Don Edler, Tablets 2017-2021 at B___ Los Angeles
The sun burns in the stranger's eyes
Just one tear before he dies
Black mass can't ease the pain
There's nothing here, there's nothing sane
”Return Trip”, Electric Wizard
I’m sitting at a long glass table facing a much longer gallery space, high walls and a bow-truss ceiling. On top of the table, a human skull carved out of a white, milky wax material sits alone on top of a book titled “Ministry for the Future''. Considering the content of the book as fictional eyewitness accounts of the devastation wrought by global climate change (a massive oversimplification btw), I’ve always understood this still life arrangement acted as an entry point to the show. Welcome to Tablets 2017-2021 at B___ (B Space) in Los Angeles.
The artist Don Edler’s synopsis of the show makes mention of his interest in Biopolitics, materiality, history, human life and somewhere in here you’ll find “an archaeological love letter from the Anthropocene.” All well and good, the work communicates a conceptual rigor and heft that commands attention. I’ve been lucky enough to spend a lot of time here in this space, looking at Edler's work in various arrangements and configurations and within that span, it has naturally gone to work on me.
The reciprocal motion begins and my own human, infinite horizon is met by the configuration of material before me and the artist is no longer present. I’ve long felt that the most meaningful, intimate time I spend with any artwork is by myself, with it and without anyone else passing information, dropping key phrases, and yikes, the dreaded post-grad, peer reviewed elevator pitch. Let’s be honest, you’re not an authority, neither am I and there’s not a one on this planet that really knows what art is absolutely. I understand it as something being perpetually defined in a way, but never becoming fixed – a precarious sculpture carried on a waiter's drink tray through heavy LA traffic. What really matters is that it envelopes one in its own myth and seeks to assert itself as a continuity, a compartmentalized whole communing with its own history. Here, the continuity that is Edler produced these objects. They emerged from the well of his own personal history, filled and emptied again and again by real, lived experience, a life in the trenches deeply committed to everything he reveals in his opening text.
The matter-of-factness of the materiality has always both enveloped and alienated me, which is integral to the functioning of the whole. The presence of these objects successfully communicate an uncomfortable truth about the contemporary conditions of our global and local, nested realities. They clearly eschew the seduction of aesthetics in favor of reveling in their insistence to exist and communicate from a world that at times feels as deeply and systemically inhospitable as Death Valley is to supple, hydrated human flesh. The substrates contain the objects produced by our human civilization: bones, phone cases, knives and sticks, all within a matrix of a fixed and frozen index. These are anti-hydrated, giant tablets full of stuff and things, the Woman of Willendorf Stripped Bare of Her Flesh by Her Bachelors, Even, or should I say by the overwhelming, seemingly millenia long exposure to the burning sun.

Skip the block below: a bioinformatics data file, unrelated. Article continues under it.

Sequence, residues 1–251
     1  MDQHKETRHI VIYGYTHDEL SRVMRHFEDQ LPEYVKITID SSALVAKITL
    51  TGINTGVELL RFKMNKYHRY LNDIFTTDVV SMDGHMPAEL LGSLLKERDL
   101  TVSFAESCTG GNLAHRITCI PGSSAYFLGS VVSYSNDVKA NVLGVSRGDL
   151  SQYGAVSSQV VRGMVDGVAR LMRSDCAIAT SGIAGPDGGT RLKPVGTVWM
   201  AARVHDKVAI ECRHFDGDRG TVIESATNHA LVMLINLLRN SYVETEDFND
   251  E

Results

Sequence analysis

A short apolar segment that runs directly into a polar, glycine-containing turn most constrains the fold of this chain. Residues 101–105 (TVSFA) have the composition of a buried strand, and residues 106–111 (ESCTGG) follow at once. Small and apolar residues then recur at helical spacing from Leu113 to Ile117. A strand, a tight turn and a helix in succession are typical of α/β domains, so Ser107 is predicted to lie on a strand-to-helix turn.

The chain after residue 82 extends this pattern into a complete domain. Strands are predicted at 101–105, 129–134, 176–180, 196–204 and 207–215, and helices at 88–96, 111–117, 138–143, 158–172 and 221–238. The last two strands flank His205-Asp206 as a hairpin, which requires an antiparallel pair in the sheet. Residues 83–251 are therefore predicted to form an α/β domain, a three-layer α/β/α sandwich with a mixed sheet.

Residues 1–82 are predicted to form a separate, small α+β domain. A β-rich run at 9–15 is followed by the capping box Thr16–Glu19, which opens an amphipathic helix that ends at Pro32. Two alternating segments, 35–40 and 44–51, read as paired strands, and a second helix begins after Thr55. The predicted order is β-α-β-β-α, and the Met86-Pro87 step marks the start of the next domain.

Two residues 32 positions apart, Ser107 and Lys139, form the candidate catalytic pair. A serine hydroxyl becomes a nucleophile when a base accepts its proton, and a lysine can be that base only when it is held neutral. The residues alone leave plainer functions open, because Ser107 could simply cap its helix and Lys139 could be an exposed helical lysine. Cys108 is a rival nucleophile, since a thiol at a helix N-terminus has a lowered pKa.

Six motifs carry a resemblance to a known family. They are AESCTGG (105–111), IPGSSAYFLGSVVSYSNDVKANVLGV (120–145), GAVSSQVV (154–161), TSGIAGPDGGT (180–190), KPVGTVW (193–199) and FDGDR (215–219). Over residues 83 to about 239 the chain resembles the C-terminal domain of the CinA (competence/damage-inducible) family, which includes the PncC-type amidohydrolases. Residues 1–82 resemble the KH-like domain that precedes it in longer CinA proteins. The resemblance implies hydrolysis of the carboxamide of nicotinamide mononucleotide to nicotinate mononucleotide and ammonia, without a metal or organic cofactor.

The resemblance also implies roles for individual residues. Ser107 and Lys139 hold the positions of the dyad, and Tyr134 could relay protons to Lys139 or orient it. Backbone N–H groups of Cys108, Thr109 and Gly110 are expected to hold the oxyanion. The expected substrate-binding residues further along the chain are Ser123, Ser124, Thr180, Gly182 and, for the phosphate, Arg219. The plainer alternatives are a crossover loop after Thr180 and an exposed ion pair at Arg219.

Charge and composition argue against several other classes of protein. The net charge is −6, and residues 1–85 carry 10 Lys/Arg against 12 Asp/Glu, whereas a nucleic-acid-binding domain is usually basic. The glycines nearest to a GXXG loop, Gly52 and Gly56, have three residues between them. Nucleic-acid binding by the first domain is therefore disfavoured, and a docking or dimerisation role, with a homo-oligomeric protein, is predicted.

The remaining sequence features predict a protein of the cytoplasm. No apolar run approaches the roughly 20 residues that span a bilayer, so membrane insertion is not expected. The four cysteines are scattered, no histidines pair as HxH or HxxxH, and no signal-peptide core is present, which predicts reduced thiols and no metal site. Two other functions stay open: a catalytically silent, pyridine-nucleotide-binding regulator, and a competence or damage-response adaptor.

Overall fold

Our centuries and centuries here have been collapsed within the space of the immediate present, it’s preserved and I’m seeing it all at once as Walter Benjamin taps me on the shoulder and hands me his essay, “Theses on the Philosophy of History”. Just as quickly as he appeared, he began to dematerialize and on the way out he said to me, “Read and memorize section IX, it’s integral and always relevant to the present condition”. He disappears, phantasmagorically and diaphanous, a specter of the ever-present:
A Klee painting named ‘Angelus Novus’ shows an angel looking as though he is about to move away from something he is fixedly contemplating. His eyes are staring, his mouth is open, his wings are spread. This is how one pictures the angel of history. His face is turned toward the past. Where we perceive a chain of events, he sees one single catastrophe which keeps piling wreckage and hurls it in front of his feet. The angel would like to stay, awaken the dead, and make whole what has been smashed. But a storm is blowing in from Paradise; it has got caught in his wings with such a violence that the angel can no longer close them. The storm irresistibly propels him into the future to which his back is turned, while the pile of debris before him grows skyward. This storm is what we call progress.
Edler’s collection of work, as art tends to do, acts as a revelation of a node of existence. There are billions of lookers, all vast, irreducible, ineffable and always mysterious. The artist as seer at the center of their own infinite universe, they are the observer in a concatenation of a perpetual unfolding, the character of which can express itself as challenging, urgent, suffocating and inescapable. Edler’s work communicates this reflexively through a materiality that expresses the aridity of the present.
Visually, just as the matter-of-factnessness becomes clear, the works wash themselves out just as the UV from the sun bleaches the bones of animals. Or humans. It happens in real time before me. This work was made for and from the desert and perhaps it’s from a theoretical future world that’s become completely inhospitable to life. Maybe this isn’t so much a thought experiment and it’s here and now. Giving this work the proper time it deserves leads one to get to the heart of the issue: Institutional power. The failure of institutions, the lack of courage and total impoverishment of creative will and imagination by those with actual, administrative power will haunt us for our entire lives and bleach clean every last one of our bones.
See more of Don Edler’s work at http://www.donedler.com